Why writing prompts can be anxiety-provoking?
Writing prompts are open-ended questions designed to elicit a certain type of response.
Because writing prompts are open-ended, you may wonder whether you’re getting it right. Are you actually answering the question correctly?
In school, we learn to respond to essay prompts to produce written pieces that will be evaluated based on set criteria.
Did you fully answer the question? Did you include evidence to back up your claims? Does your thought process make sense? Do your words and ideas flow consistently?
When we don’t get it right, we lose points, get a bad grade, and have to redo our work until it is deemed acceptable.
This experience can create anxiety when answering writing prompts for self-reflection.
Those who are neurodivergent may especially feel like they’re getting it completely wrong, when they come up with a tangent that is perceived as completely different as everyone else.
You may have a hard time understanding or translating the language of a prompt. What does it really mean? With the history of past difficult academic experiences of getting it wrong, you may feel an internal pressure to get it right.
It can also be awkward in a group setting where you can hear others’ responses.
You might find yourself comparing your answers with theirs. Measuring yourself up with the information you have about what’s acceptable. Questioning whether you belong in the group. Wondering why your responses don’t look like theirs.
Writing prompts for self-reflection and creativity function differently than academic writing prompts.
These prompts are more intended to serve as a container for self-exploration. A spark for a flame. A microphone for your inner wisdom to speak through.
Because of this, each person’s interpretation of a prompt is different. This is okay. Good, even.
What’s important is getting to the core of your truth, whatever that means and looks to you.
Not getting it “right” in that your answers make logical sense, you can provide evidence, and you answer the prompt entirely without missing any segments.
It’s more about hearing yourself. Discovering insight. Integrating your inner being through written language.
Some prompts just may not resonate, or make sense to your brain, and that’s okay. Of course, there are times when it’s more appropriate than others to disregard a prompt.
It may not be you – Writing prompts may make assumptions based on culture, history, shared knowledge or experience, etc.
While the intention of writing prompts is to be open-ended and inclusive, sometimes the language is limiting and falls short. It’s unfortunately common for writing and language to be ableist or biased in ways that don’t feel good, particularly when you fall outside the “norm.” In addition, you may have different definitions of words than the prompt’s intention.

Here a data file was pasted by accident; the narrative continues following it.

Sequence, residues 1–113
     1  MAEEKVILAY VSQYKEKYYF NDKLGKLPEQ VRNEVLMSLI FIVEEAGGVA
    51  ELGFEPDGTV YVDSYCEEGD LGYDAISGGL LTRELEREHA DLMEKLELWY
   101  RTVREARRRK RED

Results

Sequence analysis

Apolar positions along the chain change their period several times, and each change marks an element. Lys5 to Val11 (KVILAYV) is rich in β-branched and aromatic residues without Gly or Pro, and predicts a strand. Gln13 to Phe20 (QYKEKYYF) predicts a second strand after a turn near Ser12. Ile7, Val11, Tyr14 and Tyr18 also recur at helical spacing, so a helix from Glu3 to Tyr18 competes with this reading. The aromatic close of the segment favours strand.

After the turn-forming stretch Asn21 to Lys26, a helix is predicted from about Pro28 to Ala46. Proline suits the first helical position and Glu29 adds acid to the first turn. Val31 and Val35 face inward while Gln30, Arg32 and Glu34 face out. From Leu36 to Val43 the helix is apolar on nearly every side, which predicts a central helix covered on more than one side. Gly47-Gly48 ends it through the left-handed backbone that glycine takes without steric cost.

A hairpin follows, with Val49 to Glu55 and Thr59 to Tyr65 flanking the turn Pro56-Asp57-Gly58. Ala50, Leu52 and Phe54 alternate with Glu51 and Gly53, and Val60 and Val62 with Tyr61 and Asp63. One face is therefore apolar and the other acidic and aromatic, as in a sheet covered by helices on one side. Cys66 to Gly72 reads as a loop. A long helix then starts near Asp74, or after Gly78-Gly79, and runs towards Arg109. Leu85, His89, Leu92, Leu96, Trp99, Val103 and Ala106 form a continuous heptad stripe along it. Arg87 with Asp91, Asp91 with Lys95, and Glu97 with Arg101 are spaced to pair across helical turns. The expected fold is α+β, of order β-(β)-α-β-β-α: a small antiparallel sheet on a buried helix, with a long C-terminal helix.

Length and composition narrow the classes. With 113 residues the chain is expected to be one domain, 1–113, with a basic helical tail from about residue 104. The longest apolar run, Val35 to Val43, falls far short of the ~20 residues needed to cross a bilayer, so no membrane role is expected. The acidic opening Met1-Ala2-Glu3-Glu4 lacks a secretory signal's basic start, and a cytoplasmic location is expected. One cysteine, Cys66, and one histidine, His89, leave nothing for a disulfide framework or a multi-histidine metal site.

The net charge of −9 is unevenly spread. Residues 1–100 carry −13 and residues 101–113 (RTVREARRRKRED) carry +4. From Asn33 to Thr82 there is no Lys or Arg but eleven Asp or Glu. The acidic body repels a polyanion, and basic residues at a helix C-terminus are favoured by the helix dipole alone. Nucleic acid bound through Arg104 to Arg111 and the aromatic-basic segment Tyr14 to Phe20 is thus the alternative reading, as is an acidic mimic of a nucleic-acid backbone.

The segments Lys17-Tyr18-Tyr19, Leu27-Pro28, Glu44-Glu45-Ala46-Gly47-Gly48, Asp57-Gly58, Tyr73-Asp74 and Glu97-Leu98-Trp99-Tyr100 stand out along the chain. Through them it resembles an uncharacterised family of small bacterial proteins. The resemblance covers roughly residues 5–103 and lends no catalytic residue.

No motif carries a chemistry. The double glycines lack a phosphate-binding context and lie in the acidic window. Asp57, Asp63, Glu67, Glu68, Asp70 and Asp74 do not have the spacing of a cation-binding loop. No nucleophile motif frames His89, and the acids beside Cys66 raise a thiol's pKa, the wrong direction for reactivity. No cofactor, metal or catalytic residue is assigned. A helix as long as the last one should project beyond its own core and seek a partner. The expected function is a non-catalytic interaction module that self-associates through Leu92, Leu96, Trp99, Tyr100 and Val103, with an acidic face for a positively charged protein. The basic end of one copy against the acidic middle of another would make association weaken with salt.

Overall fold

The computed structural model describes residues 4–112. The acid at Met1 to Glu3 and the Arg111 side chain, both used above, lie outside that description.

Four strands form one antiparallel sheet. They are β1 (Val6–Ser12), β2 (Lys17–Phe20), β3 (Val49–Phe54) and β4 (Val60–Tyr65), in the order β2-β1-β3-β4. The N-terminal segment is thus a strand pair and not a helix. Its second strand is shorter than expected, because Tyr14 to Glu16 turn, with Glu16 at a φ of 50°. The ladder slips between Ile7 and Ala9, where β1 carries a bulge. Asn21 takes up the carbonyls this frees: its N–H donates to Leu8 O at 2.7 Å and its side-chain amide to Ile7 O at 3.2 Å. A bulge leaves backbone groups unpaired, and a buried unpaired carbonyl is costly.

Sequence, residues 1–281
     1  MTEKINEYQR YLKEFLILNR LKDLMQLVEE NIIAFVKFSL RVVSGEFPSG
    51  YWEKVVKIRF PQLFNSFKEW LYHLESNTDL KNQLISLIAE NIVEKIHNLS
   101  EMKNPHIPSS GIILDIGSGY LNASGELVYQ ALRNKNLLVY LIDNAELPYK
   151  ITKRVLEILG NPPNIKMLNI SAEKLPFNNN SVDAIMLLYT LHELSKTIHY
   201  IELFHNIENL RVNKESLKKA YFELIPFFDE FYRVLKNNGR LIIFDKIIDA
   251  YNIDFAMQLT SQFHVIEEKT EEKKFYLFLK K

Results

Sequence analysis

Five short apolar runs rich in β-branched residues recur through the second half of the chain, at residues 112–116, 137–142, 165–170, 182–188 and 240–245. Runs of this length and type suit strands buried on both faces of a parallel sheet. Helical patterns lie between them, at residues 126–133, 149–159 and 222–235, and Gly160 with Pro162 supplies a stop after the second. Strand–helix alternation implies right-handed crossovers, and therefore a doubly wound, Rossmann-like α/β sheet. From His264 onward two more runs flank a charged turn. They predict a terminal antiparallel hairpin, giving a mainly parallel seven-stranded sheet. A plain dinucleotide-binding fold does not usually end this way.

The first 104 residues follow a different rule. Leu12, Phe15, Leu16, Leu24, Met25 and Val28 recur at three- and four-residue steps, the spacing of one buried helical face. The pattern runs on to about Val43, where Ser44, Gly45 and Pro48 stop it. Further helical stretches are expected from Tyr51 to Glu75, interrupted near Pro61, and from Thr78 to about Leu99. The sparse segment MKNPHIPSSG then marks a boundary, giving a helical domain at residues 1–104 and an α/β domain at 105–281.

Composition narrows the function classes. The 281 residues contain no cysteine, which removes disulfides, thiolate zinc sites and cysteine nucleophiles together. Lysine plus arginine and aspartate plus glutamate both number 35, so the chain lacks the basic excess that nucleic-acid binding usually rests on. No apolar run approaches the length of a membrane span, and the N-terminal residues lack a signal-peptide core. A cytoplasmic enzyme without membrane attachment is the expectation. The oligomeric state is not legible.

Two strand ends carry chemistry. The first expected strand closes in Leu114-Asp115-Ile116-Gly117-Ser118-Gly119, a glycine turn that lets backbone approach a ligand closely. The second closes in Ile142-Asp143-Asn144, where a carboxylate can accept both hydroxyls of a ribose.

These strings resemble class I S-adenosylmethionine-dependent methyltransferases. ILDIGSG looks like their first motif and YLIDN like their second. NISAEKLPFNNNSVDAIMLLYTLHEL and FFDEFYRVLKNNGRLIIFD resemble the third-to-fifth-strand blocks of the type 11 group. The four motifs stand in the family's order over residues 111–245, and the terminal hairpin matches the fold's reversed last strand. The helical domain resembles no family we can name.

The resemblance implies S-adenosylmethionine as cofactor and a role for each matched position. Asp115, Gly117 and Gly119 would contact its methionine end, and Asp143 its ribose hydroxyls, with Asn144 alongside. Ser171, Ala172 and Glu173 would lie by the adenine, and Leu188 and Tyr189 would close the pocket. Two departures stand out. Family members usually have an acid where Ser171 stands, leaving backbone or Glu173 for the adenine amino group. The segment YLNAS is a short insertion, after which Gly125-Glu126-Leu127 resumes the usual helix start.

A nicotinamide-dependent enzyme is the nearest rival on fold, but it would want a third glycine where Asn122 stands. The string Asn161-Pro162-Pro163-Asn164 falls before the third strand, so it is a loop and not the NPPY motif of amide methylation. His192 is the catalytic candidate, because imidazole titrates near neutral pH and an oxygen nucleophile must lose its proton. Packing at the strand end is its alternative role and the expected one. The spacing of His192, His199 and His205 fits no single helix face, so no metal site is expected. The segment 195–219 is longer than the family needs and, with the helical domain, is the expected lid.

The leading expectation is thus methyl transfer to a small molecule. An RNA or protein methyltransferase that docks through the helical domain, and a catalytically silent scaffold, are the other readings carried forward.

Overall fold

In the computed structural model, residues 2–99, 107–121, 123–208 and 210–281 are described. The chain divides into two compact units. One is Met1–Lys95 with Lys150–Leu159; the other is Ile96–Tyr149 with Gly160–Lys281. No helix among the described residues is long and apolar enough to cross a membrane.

In cases like this, I wouldn’t want you to get caught up in trying too hard to understand a writing prompt that isn’t making sense.
Sometimes prompts aren’t cerebral; they’re more about activating some deeper part of you that is harder to put words to.
What to do when you feel disconnect with a writing prompt:
- Write about whatever stirs you instead.
It’s okay to go on a tangent based on what you’re inspired by at the moment. This can lead you to a new discovery.
- Explore whether there’s a trigger in the language of the prompt.
What sensations are coming up? What do these sensations tell you? Maybe the writing prompt is calling you out, or inviting you to explore places you’re not ready to go.
When I’m coaching someone and they take a series of prompts in a completely different direction than originally discussed, I get curious about what’s come up for them. Is there something in the prompt that’s uncomfortable to confront? If so, this is valuable information to explore.
- Acknowledge that it may not be the right timing.
Sometimes it’s okay to not have an answer at all. Simply holding an intriguing, charged, or meaningful question in your mind is enough to receive answers at a later point.
The point, ultimately, is to get honest with yourself, without force.
The goal is to hold space where you can hear your inner voice in a way that you may not be able to otherwise.
Don’t let the anxiety of getting it wrong stop you from listening to your heart.
About the author
I help people reconnect to themselves and tell stories that make their soul sing.
I am a certified coach, writing mentor, writer, and group facilitator who enjoys helping people who’ve felt different to write from the heart.
Since 2008, I’ve worked with writers in every messy step of the creation process. I’m passionate about delving deep into the story underneath the story — the root cause of the struggle with self-expression — so you can feel good about the results.